Toronto, Ontario — Skills Ontario Young Women’s Conference took place today, on May 12 where highschool students learned about careers in trades and technologies from a female perspective.
Participants heard inspiring female tradespeople’s journeys into trades and technology, participated in a hands-on activity, learned about apprenticeships and the Ontario Youth Apprenticeship Program (OYAP).
The conference was delivered in both English and French.
One of the opening messages of the conference was delivered by Honourable Jill Dunlop.
“When the average person thinks of a skilled trades worker, they often think of men operating heavy machinery, or a male plumber, or typical construction sites full of men. They also think that it is just hard labour and there is no place for women in jobs like that. But that is simply not true,” said Dunlop.
She encouraged young women to pursue their passions, regardless of societal views.
“Whatever your interest is, young women like you can do anything.”
The conference featured a mentor panel, moderated by Lana Norton, executive director and founder at Women of Powerline Technicians, where women working in skilled trades and technologies shared their journeys and experiences.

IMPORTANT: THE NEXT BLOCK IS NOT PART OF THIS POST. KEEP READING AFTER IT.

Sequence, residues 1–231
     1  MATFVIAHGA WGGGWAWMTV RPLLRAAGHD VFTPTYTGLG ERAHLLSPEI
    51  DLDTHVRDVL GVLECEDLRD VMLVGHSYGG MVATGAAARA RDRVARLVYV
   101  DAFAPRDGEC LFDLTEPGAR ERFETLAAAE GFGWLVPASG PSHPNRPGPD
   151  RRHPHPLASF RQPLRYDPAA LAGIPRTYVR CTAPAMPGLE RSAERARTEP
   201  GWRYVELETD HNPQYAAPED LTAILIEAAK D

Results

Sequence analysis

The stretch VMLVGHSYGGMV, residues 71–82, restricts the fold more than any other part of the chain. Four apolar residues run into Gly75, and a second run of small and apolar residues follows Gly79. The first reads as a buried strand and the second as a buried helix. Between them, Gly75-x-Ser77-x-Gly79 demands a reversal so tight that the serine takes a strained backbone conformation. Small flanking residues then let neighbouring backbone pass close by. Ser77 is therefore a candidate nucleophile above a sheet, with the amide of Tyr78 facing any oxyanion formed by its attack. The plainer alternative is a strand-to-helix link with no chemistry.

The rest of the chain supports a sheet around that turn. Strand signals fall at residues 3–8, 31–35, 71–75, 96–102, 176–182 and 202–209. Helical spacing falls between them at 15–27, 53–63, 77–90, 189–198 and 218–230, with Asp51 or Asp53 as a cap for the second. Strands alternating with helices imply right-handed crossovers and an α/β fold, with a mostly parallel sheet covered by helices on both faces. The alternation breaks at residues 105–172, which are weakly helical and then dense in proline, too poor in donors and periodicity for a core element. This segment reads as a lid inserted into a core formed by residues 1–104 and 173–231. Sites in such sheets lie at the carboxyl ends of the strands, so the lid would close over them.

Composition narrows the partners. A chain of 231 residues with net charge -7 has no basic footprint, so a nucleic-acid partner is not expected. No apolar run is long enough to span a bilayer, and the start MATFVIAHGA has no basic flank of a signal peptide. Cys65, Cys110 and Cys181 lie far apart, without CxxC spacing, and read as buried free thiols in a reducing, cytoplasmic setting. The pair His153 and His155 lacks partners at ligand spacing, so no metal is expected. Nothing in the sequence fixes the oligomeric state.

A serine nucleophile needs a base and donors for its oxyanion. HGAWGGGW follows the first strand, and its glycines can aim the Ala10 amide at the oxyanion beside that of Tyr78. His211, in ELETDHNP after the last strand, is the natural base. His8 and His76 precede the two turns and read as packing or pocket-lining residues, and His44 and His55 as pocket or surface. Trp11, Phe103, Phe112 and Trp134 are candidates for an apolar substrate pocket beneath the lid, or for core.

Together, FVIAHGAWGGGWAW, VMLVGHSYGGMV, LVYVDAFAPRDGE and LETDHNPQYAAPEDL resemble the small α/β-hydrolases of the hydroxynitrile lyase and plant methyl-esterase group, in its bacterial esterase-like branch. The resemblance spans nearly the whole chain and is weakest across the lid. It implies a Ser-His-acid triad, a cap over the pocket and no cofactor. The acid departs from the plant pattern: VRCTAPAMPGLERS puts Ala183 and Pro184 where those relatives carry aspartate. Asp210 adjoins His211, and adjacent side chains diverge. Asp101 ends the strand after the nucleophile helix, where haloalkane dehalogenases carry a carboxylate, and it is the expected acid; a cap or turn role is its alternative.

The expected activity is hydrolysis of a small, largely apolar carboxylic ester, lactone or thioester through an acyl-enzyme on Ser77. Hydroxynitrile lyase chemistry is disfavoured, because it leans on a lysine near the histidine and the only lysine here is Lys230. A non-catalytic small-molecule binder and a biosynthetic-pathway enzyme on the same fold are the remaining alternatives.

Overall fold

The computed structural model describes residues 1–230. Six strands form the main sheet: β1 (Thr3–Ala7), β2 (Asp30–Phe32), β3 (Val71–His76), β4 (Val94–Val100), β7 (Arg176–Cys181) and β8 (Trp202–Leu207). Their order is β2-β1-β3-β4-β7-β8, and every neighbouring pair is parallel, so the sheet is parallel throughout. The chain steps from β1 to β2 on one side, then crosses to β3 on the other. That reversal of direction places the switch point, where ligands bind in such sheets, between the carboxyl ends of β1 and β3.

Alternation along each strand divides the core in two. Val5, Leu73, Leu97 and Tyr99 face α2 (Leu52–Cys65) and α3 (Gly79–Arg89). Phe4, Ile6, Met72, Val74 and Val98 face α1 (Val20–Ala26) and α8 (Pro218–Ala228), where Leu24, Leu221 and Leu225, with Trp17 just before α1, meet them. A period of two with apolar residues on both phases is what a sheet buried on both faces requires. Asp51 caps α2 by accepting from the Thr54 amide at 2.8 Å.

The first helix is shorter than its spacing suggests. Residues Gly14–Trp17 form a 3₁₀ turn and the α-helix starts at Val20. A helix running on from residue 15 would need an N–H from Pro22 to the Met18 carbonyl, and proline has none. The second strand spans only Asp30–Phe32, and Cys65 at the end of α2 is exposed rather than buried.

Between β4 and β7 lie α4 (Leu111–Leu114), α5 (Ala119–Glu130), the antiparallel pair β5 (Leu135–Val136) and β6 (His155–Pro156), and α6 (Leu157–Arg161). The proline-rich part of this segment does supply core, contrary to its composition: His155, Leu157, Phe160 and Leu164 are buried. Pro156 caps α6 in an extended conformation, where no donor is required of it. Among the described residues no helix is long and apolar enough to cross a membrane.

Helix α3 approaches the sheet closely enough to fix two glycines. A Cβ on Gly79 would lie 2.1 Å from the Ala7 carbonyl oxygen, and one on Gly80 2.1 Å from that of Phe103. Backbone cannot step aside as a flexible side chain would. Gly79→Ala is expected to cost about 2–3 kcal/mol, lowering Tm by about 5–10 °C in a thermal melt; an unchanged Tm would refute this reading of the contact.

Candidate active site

Panelists included: Elizabeth Moses, Machinist at Harbour Technologies and Trade Ambassador for FIRST Robotics Canada; Shannon Jones, VP of Field Operations for WSPS; Dessy Li, Robotics Technician at Magna International, Plastcoat; Heather Bensen, Cambrian College alumni of the Electrical Technology program and Governor General’s award winner; and Jody Parrack, Department Leader at Magna International.
The panelists discussed various topics including why there are so few women in trades and technologies. They explained how lack of female exposure and inaccurate stereotypes have all played a part in why females are reluctant to work in the trades.
They encouraged women to pursue their dreams and regardless of what other people think.
“Just believe in yourself,” said Jones.
“Don’t be afraid to try,” added Parrack.
The event concluded with closing remarks from Carla Carmichael, Vice President of Nuclear Decommissioning Strategy, OPG. Where she encouraged women to pursue a career in trades and technologies to help contribute to a greener future.
“I’m very happy we had this opportunity to connect virtually to encourage, enlighten and empower each other. Now more than ever it’s important for young women to feel empowered to grasp the opportunities before them in skilled trades and fill a major need for Ontario, as we work to solve major challenges like climate change. We will rely on all of you and your skills, insights and talents to help secure our clean energy future,” said Carmichael.